mjtsai + numist   37

Twitter
I’m baffled that the Arduino ecosystem continues to thrive when every year a new version breaks source compatibility and the previous version was broken by an operating system update.

— Scott Perry (@numist) July 28, 2018
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20 days ago by mjtsai
Twitter
The real problem is now how do you know when your dirty data *has* been flushed to disk? Currently the only way to know for sure is “reissue all the writes and fsync again” which is… not great.

— Scott Perry (@numist) July 24, 2018
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25 days ago by mjtsai
Twitter
The more time I spend with kernel people on this topic, the more I wonder if advisory locking behaviour around close() was less “designed” and more “documentation of the simplest possible implementation”, which in general is probably why syscalls are universally bad API :/

— Scott Perry (@numist) July 24, 2018
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25 days ago by mjtsai
Twitter
Excellent corollary! My other main source of bugs is people using filesystem operations (like `mv` Or `ln`) while the database is open which—surprising no one—is hilariously bad for your data. https://t.co/DFOdxXoYNB

— Scott Perry (@numist) July 24, 2018
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25 days ago by mjtsai
Twitter
As far as I can tell POSIX allows for the retroactive error (and the one-time delivery) so I guess I’ll keep blaming the 70s for all of my problems.

— Scott Perry (@numist) July 24, 2018
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25 days ago by mjtsai
Twitter
Oh and the error only gets returned on the first fsync after the failed write. What if some other code called fsync on the fd first? Sucks to be you! Now you won’t find out until you open the file with a cold fs cache to find that the contents are totally inconsistent.

— Scott Perry (@numist) July 24, 2018
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25 days ago by mjtsai
Twitter
One or more of the writes you had didn’t make it, but good luck figuring out which one(s) because the dirty data is still in the filesystem cache!

— Scott Perry (@numist) July 24, 2018
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25 days ago by mjtsai
Twitter
I could go on and on about how POSIX-defined behaviour is terrible, but this month I learned that pwrite (and normal write probably, but you and I already agreed not to use that) can fail *retroactively* via an fsync failure.

— Scott Perry (@numist) July 24, 2018
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25 days ago by mjtsai
Twitter
Ok, another example is file locks. If you flock a file and *any other code in your process* closes a *different fd* for the same file, the operating system will drop all your locks. As with dup, this is correct behaviour according to the POSIX spec!

— Scott Perry (@numist) July 24, 2018
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25 days ago by mjtsai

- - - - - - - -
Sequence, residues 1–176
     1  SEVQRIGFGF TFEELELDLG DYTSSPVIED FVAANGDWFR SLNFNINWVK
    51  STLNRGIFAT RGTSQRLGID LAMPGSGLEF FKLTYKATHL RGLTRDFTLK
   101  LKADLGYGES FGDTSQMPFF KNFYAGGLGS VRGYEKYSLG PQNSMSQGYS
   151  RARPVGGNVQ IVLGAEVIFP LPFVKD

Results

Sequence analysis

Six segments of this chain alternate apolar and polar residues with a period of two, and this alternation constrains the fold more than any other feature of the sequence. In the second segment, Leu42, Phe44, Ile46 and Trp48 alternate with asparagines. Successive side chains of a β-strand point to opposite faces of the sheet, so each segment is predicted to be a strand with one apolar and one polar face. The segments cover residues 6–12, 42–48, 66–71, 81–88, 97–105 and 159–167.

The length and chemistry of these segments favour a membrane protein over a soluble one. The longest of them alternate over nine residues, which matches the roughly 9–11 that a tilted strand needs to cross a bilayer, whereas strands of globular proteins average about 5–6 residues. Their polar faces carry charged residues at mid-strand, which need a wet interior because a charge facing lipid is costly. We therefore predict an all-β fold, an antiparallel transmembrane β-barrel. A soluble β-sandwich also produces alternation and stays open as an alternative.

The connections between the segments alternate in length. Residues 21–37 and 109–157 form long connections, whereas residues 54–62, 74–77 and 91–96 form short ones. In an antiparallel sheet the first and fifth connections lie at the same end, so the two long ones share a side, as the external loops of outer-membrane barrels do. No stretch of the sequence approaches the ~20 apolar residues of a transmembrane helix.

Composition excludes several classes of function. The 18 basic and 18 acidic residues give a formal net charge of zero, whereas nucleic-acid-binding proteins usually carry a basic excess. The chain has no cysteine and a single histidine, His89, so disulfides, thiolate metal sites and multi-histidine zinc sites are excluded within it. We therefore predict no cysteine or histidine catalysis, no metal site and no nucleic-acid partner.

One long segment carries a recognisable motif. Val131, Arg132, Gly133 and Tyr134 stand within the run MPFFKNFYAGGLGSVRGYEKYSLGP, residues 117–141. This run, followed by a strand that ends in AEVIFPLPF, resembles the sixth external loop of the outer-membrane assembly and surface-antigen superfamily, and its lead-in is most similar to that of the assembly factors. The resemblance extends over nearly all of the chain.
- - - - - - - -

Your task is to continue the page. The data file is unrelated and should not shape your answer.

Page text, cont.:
Twitter
The dup thing is Tuesday night trivia material though. It’s basically solved by using pread and pwrite which I assume stand for “pointer read” and “pointer write” which is dumb but not as doofy as oread for “offset read” I guess.

— Scott Perry (@numist) July 24, 2018
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25 days ago by mjtsai
Twitter
Like, if you dup a file descriptor? Both the original and the copy share seek offsets which can lead to sad times awfully quickly when fds get passed around. This behaviour is stupid, but at least it’s documented (and required!) by the POSIX spec.

— Scott Perry (@numist) July 24, 2018
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25 days ago by mjtsai
Twitter
I’m increasingly convinced that SQLite isn’t popular because people need databases so much as they’re tired of dealing with the operating system’s filesystem interfaces and the utterly hostile ways they behave (and fail).

— Scott Perry (@numist) July 24, 2018
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25 days ago by mjtsai
Twitter
“Show Less” should be “Show Fewer”. Fight me.

— Scott Perry (@numist) June 4, 2018
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10 weeks ago by mjtsai
Scott Perry on Twitter: "Hey @amazon what was the point of paying extra for a cellular Kindle if it doesn’t work for things like marking books as read on goodreads? https://t.co/sNeumIsAxR"
Hey @amazon what was the point of paying extra for a cellular Kindle if it doesn’t work for things like marking books as read on goodreads? pic.twitter.com/sNeumIsAxR

— Scott Perry (@numist) December 16, 2017
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december 2017 by mjtsai
Scott Perry on Twitter: "Like, I never dropped a phone more than once a year and I’ve dropped this thing six times in the last week."
Like, I never dropped a phone more than once a year and I’ve dropped this thing six times in the last week.

— Scott Perry (@numist) November 1, 2017
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november 2017 by mjtsai
Scott Perry on Twitter: "For any of you buying glass-back phones that are used to leaving them on your lap or bag or whatever know they are REAL slippery on textiles"
For any of you buying glass-back phones that are used to leaving them on your lap or bag or whatever know they are REAL slippery on textiles

— Scott Perry (@numist) November 1, 2017
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november 2017 by mjtsai
Scott @ WWDC on Twitter: "NSPersistentHistory is going to be huge for people running multiple processes against the same Core Data store."
NSPersistentHistory is going to be huge for people running multiple processes against the same Core Data store.

— Scott @ WWDC (@numist) June 7, 2017
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june 2017 by mjtsai
Scott Perry on Twitter: "There are two types of person: Lisp programmers, and people that aren't horrified by autocorrupt offering 'car' as a replacement for 'cdr'."
There are two types of person: Lisp programmers, and people that aren't horrified by autocorrupt offering 'car' as a replacement for 'cdr'.

— Scott Perry (@numist) March 10, 2017
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march 2017 by mjtsai
Scott Perry on Twitter: "@ameaijou: they were getting lucky until Apple SQLite started using dispatch to track files, and that’s how I learned. Now there are hacks."
@ameaijou: they were getting lucky until Apple SQLite started using dispatch to track files, and that’s how I learned. Now there are hacks.

— Scott Perry (@numist) February 17, 2017